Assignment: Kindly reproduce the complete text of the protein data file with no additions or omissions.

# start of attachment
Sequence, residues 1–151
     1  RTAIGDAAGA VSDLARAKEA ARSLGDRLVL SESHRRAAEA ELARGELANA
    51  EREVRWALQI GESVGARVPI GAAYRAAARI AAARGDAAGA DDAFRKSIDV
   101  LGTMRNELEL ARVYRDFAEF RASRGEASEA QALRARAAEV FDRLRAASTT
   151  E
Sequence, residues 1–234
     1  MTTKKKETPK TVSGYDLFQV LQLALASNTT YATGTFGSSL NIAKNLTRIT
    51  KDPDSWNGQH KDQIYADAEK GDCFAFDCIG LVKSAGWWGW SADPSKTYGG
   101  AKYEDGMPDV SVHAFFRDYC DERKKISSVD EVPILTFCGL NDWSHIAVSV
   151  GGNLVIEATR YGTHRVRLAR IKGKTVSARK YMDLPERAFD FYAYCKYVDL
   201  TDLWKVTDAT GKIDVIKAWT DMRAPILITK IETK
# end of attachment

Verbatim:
Sequence, residues 1–151
     1  RTAIGDAAGA VSDLARAKEA ARSLGDRLVL SESHRRAAEA ELARGELANA
    51  EREVRWALQI GESVGARVPI GAAYRAAARI AAARGDAAGA DDAFRKSIDV
   101  LGTMRNELEL ARVYRDFAEF RASRGEASEA QALRARAAEV FDRLRAASTT
   151  E
Sequence, residues 1–234
     1  MTTKKKETPK TVSGYDLFQV LQLALASNTT YATGTFGSSL NIAKNLTRIT
    51  KDPDSWNGQH KDQIYADAEK GDCFAFDCIG LVKSAGWWGW SADPSKTYGG
   101  AKYEDGMPDV SVHAFFRDYC DERKKISSVD EVPILTFCGL NDWSHIAVSV
   151  GGNLVIEATR YGTHRVRLAR IKGKTVSARK YMDLPERAFD FYAYCKYVDL
   201  TDLWKVTDAT GKIDVIKAWT DMRAPILITK IETK